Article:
Undocumented Immigrants Have Right to Own Guns, Judge Rules

This month, a judge in Illinois dropped all charges of gun possession against an illegal immigrant. The decision sparked a new debate on the Second Amendment rights.

U.S. District Judge Sharon Coleman of Northern District of Illinois cited lower court rulings when dismissing firearm charges against Heriberto Carajal-Flores. Carbajal was in the United States illegally or unlawfully on June 1, 2020, and possessed a pistol in the Little Village area of Chicago.

The Court found that Carbajal Flores’ criminal history, which did not include any improper use of weapons, and the non-violent circumstances surrounding his arrest, do not support finding that he is a threat to public safety, such that he can’t be trusted to handle a firearm responsibly, and that his Second Amendment rights to bear arms for self-defense should be taken away,” Coleman wrote in an eight-page decision filed on March 8.

Carbajal Flores was charged in Title 18 of the U.S. Criminal Code. This law prohibits individuals without documentation from possessing firearms or ammunition, “or receiving any firearms or ammunition that has been shipped or transported in interstate or international commerce”.


The defendant has never been convicted for a felony or violent crime, nor a crime that involved the use of weapons. He claimed the firearm had been used in self-defense to protect property and himself “during documented civil unrest”.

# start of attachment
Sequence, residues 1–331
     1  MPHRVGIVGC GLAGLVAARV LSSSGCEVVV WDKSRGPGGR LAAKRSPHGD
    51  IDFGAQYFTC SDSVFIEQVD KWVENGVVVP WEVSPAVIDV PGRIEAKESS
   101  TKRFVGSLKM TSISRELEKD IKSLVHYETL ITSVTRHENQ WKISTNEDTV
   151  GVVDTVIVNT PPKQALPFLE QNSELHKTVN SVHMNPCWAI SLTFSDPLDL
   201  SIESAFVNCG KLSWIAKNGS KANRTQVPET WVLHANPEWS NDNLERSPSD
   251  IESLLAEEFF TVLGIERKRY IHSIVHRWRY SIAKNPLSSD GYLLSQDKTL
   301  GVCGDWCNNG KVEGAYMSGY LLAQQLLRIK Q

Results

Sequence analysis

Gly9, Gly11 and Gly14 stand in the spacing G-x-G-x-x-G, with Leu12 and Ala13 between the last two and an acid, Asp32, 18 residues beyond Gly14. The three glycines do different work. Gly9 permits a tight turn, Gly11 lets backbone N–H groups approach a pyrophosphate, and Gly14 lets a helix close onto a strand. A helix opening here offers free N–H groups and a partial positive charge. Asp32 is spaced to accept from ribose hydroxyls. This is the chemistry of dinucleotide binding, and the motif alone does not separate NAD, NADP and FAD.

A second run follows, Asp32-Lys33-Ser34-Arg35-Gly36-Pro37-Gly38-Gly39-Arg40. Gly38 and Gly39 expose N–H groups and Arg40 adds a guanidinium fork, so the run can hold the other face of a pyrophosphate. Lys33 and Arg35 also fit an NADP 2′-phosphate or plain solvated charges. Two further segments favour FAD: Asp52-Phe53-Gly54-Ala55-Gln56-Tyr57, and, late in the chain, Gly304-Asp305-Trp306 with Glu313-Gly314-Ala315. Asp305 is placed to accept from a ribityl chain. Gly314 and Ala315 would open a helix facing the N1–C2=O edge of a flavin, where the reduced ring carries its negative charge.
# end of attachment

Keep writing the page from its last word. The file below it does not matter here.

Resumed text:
The protests were widespread across the country after the death of George Floyd on May 25, by Minneapolis Police Officer Derek Chauvin. Chauvin was sentenced to 21-years in prison.

Carbajal Flores has “consistently adhered to all of the conditions stipulated for his release,” according to the ruling. It also states that he’s employed, and there are no outstanding warrants or new arrests.

Carbajal Flores’s motions to dismiss the charges were previously denied by the court. First, on April 13, 2022, then on December 19, 2022. This was about six months after the U.S. Supreme Court voted 6-3 in favor of striking down a century-old New York Law requiring individuals to show “proper reason” before they can get a permit to carry a gun outside their home. The ruling stemmed from the 2022 decision in New York State Rifle & Pistol Association, Inc. et. al v. Bruen, superintendent of New York State Police

The New York State Rifle & Pistol Association, gun owners Brandon Koch and Robert Nash and the New York State Rifle & Pistol Association challenged the ruling.

Clarence Thomas, in the majority opinion of the court, wrote: “We hold that the Constitution presumes to protect an individual’s behavior when the plain text of the Second Amendment covers that conduct.” To justify its regulation, government cannot simply claim that it promotes a significant interest. The government must instead demonstrate that its regulation is in line with the nation’s long-standing tradition of firearm regulations.

The U.S. Supreme Court in May 2023 ruled against gun control advocates and the ban in Illinois on semiautomatic weapons and the sale of new firearms.

The National Association for Gun Rights made the request in response to Illinois Gov. J.B. Pritzker signing legislation enacting a statewide prohibition on “assault style” weapons including limitations on magazine capacity.

Political commentator Jay Oliver wrote to Newsweek that illegal immigrants cannot own any firearms, regardless of the type. There is a duty on the part of gun store owners to indemnify anyone who is trying to get weaponry by cutting corners.

We have unfortunately seen far too many cases where innocent people are killed because of the progressive nature and attitudes of those who control courts and opinions.